Biden says he’s concerned about Ukraine support amid House chaos

President Biden on Wednesday said he’s worried that the disarray on Capitol Hill could mean he can’t deliver the aid promised to Ukraine’s war efforts, adding that he will give a speech on the issue shortly.

“It does worry me, but I know there are a majority of members in the House and Senate in both parties who have said that they support funding Ukraine,” Biden told reporters.

Biden said his speech will focus on “why it’s critically important for the United States and our allies that we keep our commitment.”

The White House has warned of the potential fallout if Congress doesn’t pass additional aid for Ukraine after it was left out of the short-term government funding measure that former Speaker Kevin McCarthy (R-Calif.) negotiated with Democrats last week to avoid a government shutdown. McCarthy was ousted by a contingent of Republicans in the House, along with Democrats, on Tuesday, catapulting the chamber into chaos.

Biden previewed that his remarks will be about how the coalitions he has made with allies to support Ukraine have strengthened the U.S. “across the board.”

“I think that it’s clear to the vast majority of the foreign policy community and both left and right that this has been a valuable exercise for the United States of America to increase the support we have around the world,” Biden said.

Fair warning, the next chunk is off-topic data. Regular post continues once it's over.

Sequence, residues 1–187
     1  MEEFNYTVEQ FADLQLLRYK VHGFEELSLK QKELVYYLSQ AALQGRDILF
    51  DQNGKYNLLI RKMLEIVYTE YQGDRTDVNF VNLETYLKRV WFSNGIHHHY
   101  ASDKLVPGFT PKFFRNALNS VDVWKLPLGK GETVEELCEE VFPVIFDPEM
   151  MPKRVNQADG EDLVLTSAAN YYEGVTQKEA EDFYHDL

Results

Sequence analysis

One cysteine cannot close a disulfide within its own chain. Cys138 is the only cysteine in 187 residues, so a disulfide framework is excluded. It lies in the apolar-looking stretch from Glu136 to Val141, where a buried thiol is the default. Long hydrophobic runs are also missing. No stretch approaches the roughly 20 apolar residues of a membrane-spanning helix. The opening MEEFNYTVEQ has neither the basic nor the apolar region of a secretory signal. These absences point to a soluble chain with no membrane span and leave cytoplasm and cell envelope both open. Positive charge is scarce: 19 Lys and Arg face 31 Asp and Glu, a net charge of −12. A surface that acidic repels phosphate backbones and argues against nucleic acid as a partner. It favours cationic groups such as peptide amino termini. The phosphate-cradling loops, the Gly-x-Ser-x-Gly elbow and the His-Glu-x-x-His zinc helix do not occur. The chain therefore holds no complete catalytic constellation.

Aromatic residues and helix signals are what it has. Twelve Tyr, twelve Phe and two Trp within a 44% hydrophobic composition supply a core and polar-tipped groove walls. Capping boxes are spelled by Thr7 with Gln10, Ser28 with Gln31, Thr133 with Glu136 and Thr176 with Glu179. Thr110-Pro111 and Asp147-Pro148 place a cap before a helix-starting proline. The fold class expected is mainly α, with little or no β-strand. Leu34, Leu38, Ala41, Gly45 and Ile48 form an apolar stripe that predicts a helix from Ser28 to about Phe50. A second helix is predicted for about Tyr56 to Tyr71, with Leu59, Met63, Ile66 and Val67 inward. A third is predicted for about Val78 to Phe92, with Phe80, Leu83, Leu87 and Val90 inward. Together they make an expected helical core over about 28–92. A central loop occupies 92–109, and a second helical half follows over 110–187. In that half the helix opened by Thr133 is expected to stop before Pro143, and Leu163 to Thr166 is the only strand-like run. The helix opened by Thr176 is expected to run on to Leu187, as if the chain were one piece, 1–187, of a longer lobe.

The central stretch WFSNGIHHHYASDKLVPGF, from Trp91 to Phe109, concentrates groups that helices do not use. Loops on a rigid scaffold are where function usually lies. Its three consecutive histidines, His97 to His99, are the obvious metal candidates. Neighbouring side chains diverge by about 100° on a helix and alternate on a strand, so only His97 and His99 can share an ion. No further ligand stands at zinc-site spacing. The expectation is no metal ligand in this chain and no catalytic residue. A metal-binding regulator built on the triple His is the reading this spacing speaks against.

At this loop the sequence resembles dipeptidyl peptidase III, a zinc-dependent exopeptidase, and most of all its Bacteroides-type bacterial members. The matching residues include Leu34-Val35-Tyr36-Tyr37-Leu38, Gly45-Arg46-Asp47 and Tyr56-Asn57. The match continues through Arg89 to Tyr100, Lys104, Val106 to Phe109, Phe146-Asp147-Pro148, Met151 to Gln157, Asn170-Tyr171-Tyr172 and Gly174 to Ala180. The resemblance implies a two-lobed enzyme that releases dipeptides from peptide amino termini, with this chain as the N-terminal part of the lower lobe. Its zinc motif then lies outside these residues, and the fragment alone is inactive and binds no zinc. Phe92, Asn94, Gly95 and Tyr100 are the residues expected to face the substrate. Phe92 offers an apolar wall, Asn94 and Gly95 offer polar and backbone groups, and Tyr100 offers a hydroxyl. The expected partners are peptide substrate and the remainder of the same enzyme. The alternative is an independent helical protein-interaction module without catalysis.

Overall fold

“I knew that the majority of the American people still supported Ukraine and the majority of the Congress, both Democrats and Republican supported it. So, I don’t think we should let gamesmanship get in the way of blocking it,” he added.

Biden also previewed that an announcement could be coming about another way to provide support to the war-torn country in their efforts to fight the Russian invasion.

“We can support Ukraine in the next tranche that we need, and there is another means by which we may be able to find funding for that, but I’m not going to get into that now,” he said when asked how long the U.S. can support Ukraine without additional funding.

The White House has in recent days been outspoken about its ongoing support for Ukraine and the need for Congress to hold a vote on additional aid for the country, which Russia invaded in February 2022. The U.S. has provided billions of dollars in military and financial assistance since then and coordinated aid with allied nations.

The White House in August sent a supplemental funding request to Congress that included $24 billion in military, financial and humanitarian assistance to Ukraine.

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